The Human Face of the Blue Economy
Fish Forever represents coastal fishing communities at the first Growing Blue Conference in Mozambique
In his welcome address at the first Crescendo Azul (Growing Blue) conference in Maputo, May 23-24, Mozambique President Filipe Nyusi encouraged the event’s 500+ participants to take advantage of the “gifts” that the ocean provides for eradicating poverty and securing peace, prosperity, and sustainable natural resource use throughout the region. Importantly, President Nyusi, alongside others who offered opening remarks (the President of Seychelles, Mozambique’s Minister of Fisheries, the President of the International Fund for Agricultural Development, and the UN Special Envoy for the Oceans), noted the critical role of the small-scale fishing (SSF) sector in developing a sustainable and inclusive Blue Economy in Mozambique and regionally.
Balancing protection and production in a region with increasing interest in oil and gas development, mineral mining, and large-scale aquaculture remains a delicate challenge. Despite these competing interests, Growing Blue 2019 provided several opportunities to recognize and highlight the importance of SSF to the Blue Economy, noted below.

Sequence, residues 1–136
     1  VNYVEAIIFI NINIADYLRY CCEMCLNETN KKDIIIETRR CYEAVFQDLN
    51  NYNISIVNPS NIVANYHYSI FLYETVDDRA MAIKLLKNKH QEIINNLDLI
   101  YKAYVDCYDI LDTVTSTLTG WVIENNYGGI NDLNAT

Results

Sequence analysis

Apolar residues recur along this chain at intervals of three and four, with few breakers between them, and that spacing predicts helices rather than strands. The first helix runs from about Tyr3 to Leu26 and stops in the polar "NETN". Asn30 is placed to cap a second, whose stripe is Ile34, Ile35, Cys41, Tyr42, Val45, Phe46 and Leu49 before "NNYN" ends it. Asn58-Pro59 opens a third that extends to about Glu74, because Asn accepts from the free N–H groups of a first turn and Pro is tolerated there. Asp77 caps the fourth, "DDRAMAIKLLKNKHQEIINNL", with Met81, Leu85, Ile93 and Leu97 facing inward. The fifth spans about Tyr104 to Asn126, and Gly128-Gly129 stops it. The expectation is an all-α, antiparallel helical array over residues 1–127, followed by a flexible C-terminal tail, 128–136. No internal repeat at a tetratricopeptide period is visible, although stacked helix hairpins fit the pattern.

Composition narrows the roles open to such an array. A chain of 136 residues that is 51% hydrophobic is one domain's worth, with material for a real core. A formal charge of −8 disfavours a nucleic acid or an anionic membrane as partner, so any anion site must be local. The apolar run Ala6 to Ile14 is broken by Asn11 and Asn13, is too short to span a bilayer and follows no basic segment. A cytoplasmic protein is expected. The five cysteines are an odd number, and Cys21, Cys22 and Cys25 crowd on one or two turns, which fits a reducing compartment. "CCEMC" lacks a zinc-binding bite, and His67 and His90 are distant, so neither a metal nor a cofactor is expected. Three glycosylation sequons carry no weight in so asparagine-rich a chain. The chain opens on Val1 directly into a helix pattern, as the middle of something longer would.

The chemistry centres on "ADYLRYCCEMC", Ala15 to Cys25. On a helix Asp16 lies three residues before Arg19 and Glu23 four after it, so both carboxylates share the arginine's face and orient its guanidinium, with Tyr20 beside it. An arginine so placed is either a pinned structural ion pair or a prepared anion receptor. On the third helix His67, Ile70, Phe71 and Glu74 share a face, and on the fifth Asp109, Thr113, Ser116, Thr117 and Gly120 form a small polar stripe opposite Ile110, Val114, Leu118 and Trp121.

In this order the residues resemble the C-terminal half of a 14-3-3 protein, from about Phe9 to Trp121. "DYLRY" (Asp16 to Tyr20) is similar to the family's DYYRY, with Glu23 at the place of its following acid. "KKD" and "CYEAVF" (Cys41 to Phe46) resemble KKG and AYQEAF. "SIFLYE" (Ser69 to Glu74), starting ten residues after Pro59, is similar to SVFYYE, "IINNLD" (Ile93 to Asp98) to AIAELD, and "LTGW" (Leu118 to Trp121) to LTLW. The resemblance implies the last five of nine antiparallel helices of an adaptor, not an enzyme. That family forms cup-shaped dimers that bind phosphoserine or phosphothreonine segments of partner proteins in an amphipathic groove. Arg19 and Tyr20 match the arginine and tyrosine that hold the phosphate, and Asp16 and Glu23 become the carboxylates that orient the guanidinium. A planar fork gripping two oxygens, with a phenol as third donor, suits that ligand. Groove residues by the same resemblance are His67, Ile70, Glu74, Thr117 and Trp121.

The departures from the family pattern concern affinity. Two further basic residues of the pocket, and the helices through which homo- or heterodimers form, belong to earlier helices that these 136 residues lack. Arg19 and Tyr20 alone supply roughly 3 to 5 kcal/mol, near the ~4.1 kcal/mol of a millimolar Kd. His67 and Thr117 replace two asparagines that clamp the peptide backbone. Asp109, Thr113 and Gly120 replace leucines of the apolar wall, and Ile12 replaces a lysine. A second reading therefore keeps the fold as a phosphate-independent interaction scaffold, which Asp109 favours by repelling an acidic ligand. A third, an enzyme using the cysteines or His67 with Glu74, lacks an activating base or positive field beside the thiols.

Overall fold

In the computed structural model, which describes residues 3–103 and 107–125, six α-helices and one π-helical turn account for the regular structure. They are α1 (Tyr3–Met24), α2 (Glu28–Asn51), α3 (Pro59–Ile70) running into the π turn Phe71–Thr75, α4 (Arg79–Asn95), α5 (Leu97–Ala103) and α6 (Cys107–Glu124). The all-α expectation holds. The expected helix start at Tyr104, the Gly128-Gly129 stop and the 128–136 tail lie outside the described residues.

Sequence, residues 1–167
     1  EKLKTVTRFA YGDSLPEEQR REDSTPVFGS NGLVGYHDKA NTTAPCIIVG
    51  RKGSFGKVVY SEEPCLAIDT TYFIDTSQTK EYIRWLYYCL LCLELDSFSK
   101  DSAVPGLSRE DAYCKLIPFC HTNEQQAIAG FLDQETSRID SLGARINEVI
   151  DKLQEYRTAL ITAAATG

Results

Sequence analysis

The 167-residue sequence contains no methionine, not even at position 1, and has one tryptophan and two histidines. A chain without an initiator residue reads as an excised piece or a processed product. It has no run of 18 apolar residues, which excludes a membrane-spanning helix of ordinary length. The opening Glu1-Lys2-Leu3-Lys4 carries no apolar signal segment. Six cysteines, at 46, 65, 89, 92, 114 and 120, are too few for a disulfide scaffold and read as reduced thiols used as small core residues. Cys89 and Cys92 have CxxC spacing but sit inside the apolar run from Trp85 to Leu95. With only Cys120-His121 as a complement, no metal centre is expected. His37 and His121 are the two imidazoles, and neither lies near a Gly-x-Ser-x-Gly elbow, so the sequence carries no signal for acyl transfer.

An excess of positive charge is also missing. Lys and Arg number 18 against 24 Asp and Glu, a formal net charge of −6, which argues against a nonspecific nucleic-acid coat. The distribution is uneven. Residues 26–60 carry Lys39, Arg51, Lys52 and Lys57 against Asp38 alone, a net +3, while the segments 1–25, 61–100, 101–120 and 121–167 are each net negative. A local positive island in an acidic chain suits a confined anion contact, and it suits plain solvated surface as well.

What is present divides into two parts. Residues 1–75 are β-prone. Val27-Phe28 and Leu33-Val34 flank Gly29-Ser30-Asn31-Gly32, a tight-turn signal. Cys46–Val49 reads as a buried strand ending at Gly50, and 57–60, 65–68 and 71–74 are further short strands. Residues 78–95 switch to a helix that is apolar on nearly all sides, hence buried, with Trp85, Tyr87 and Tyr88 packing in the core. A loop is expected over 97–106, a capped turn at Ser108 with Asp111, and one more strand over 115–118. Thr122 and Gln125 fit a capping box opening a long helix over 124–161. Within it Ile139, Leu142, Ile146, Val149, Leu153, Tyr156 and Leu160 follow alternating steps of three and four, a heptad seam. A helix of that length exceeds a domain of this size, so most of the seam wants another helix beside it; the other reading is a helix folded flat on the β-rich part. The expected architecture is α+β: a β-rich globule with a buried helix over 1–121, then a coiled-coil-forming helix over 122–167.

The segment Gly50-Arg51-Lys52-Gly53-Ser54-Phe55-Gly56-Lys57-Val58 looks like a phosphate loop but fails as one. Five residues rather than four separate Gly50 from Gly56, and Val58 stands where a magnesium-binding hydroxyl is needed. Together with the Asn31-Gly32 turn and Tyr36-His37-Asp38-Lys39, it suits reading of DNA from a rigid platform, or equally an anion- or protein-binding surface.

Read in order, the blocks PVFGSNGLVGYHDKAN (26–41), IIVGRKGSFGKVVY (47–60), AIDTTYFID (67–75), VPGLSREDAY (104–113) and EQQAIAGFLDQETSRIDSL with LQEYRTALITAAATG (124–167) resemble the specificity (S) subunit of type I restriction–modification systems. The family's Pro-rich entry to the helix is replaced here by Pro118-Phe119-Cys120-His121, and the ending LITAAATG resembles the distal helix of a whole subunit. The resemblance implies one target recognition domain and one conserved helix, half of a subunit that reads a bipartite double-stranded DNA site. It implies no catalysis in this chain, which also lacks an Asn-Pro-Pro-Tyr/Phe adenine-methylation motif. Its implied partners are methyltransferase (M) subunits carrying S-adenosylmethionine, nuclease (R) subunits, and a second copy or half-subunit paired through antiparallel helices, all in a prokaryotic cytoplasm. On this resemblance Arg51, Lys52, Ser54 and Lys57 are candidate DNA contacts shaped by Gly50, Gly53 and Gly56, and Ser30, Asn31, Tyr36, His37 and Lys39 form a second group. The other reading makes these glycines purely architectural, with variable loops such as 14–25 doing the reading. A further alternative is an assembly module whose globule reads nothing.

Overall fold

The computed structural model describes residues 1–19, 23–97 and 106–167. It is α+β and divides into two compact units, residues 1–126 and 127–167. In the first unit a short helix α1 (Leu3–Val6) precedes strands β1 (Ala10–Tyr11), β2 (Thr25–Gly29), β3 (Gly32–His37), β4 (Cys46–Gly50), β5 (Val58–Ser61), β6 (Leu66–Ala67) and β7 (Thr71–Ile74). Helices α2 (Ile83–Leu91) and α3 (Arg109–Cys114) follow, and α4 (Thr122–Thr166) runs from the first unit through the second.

Linking Biodiversity and Conservation through Small-Scale Fisheries
In the Biodiversity and Conservation plenary, Rare Policy Director, Anna-Marie Laura, drew attention to SSF’s outsized role: “Small-scale fisheries, which operate in territorial (or coastal) waters and hold most marine biodiversity, serve as the basis of survival for many fishing-dependent communities. This sector is not only critical for protecting biodiversity, but for alleviating poverty and ensuring food security, gender equity, resilience to climate change, and economic development as part of a balanced Blue Economy.” Rare’s work to link conservation with improving livelihoods and food security in sites across Mozambique’s coast, funded by the Blue Action Fund, is an example of a solution that integrates sustainable development of its coastal communities and marine resources with national sustainable development goals.
Sustainable Small-Scale Fisheries in the Digital Age
Rare and Mozambique’s National Fisheries Administration (ADNAP) co-hosted a side event, “Sustainable Small-Scale Fisheries in the Digital Age”, which stressed the urgent need to strategically invest in a digital electronic registration and licensing system for managing the country’s small-scale fisheries and surfacing the true value of Mozambique’s small-scale fisheries to the global blue economy. The event highlighted how such technology would serve as the basis to create small-scale fisheries management plans, line up local government financing for management, establish links with formal markets and new opportunities for public-private partnerships, and ultimately, support co-management of coastal resources.